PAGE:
Could there be soon be wind turbines on the piers - or windmills on the cliff-top? Putting up wind turbines along the coastline is just one of the suggestions put forward by Bournemouth councillors to show the town’s commitment to tackling climate change. Conservative Cllr Dave Smith told members of the council’s environment scrutiny panel on Wednesday: “I would like to see a windmill on the end of Bournemouth Pier. Or why not along the cliff-top? “One set of people would say it would spoil the views but it would say that we in Bournemouth are doing our best to help climate change.” He called for a review of all sites in the town that could be suitable for wind turbines.
Plans to build a six turbine wind farm in the Cheviot hills have been dropped by developers. Coronation Power has pulled the plug on its proposal for Moneylaws Hill, near Mindrum Station, because of its distance from a national grid connection. The developers had also faced objections from the Ministry of Defence that the 125 metre high turbines would interfere with its primary radar at Brizlee wood, near Boulmer. Coronation Power spokesman Paul Taylor said: “There are some technical issues which we can not address so we have decided it is not a viable site.”
A unique dual energy scheme to be sited off the Cumbrian coast was given the go-ahead today by Energy Minister Lord Truscott. The Ormonde project from Eclipse Energy will be sited 10KM from Walney Island near Barrow in Furness. This innovative hybrid development has the potential to generate up to 200MW of electricity with almost half coming from the wind farm comprising up to 30 turbines. This is enough clean energy for around 70,000 homes. When the wind isn’t sufficient, power will still come via conventional gas sources pumped from two fields in nearby Morecambe Bay for which DTI approval has also been sought.
The prospect of a Public Inquiry into North British Windpower Ltd’s plans to build a 48 turbine wind farm at Fallago Rig is looking ever more likely now that Scottish Borders Council has become the latest in an increasing list of organisations and individuals to object to it. Councillors at last Friday’s development and building control committee meeting were applauded by local people opposed to the development when they voted 9-3 to continue to object to the wind farm application, despite the number of 110-125m high turbines being reduced from the original number of 62. The decision on whether or not to allow the wind farm to go ahead lies with the Scottish Executive and they will have to take into account that as well as hundreds of individual objections to the proposal, Scottish Borders Council, East Lothian Council and Scottish Natural Heritage still oppose the amended proposal.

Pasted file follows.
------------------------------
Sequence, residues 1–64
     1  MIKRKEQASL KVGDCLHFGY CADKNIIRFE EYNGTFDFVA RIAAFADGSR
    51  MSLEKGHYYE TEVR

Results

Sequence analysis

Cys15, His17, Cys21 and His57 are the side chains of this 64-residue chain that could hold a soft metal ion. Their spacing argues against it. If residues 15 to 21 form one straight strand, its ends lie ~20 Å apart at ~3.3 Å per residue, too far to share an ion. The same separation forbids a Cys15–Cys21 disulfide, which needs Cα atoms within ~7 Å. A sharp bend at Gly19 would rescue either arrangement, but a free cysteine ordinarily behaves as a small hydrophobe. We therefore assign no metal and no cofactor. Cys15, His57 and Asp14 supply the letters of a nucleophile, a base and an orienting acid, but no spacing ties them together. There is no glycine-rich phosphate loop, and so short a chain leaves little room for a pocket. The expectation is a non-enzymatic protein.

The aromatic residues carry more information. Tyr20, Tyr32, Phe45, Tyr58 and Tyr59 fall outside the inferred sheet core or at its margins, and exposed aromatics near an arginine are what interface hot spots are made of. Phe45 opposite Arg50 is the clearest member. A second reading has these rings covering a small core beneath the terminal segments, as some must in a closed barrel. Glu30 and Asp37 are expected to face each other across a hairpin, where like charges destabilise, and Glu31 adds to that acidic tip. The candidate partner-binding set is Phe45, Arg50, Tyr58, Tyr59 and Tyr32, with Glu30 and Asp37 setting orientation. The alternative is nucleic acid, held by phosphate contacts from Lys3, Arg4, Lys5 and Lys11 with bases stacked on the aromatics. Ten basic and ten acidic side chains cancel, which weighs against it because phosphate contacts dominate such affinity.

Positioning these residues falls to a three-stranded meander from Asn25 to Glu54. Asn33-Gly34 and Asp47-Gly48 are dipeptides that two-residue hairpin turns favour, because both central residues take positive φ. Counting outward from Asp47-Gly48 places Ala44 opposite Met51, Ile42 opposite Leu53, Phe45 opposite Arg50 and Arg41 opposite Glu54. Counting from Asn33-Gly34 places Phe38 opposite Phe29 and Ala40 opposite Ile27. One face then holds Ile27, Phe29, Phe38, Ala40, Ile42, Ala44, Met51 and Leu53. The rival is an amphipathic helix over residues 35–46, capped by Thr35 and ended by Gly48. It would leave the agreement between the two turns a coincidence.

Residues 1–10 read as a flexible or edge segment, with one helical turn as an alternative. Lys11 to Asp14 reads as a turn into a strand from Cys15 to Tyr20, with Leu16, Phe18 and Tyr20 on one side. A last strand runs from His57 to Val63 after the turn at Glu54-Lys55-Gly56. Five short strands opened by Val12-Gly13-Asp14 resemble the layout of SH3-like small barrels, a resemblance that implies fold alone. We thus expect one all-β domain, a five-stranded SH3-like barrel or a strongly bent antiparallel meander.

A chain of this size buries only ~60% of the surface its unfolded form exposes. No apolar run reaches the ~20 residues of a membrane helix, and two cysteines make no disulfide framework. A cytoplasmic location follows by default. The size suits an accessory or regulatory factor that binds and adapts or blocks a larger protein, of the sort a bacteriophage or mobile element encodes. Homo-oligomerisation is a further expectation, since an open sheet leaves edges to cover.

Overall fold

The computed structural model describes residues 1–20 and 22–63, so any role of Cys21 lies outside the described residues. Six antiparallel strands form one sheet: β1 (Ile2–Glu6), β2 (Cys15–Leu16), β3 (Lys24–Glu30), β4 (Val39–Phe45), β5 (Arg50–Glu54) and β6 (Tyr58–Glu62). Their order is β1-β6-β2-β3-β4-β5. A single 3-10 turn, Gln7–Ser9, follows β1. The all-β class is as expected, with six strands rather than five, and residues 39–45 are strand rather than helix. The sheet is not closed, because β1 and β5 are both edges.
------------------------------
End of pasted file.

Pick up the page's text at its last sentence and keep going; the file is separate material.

A bid to site the region’s most powerful wind farm north of Alnwick has cleared its first hurdle, despite fierce objections from residents. Northumberland County Council this week backed npower renewables’ proposals for a 18-turbine development at Middlemoor, near North Charlton.
Campaigners fighting against plans to build a wind farm in Midlothian have contacted residents to urge them to oppose the scheme. Householders near the Auchencorth Moss site on the outskirts of Penicuik fear the turbines will create unacceptable noise and vibration levels, and blight views in the area. Plans have been formally submitted to Midlothian Council by E.ON UK, but the authority is waiting on a general report on the suitability of the area for wind turbines before taking a decision. The Penicuik Environmental Protection Association (PEPA) has now written to members, reminding them that objections can still be sent to the council. Last year, 718 people wrote to the local authority in just two weeks after E.ON UK submitted its planning application. The proposals would see 18 wind turbines with a maximum height of 102 metres erected.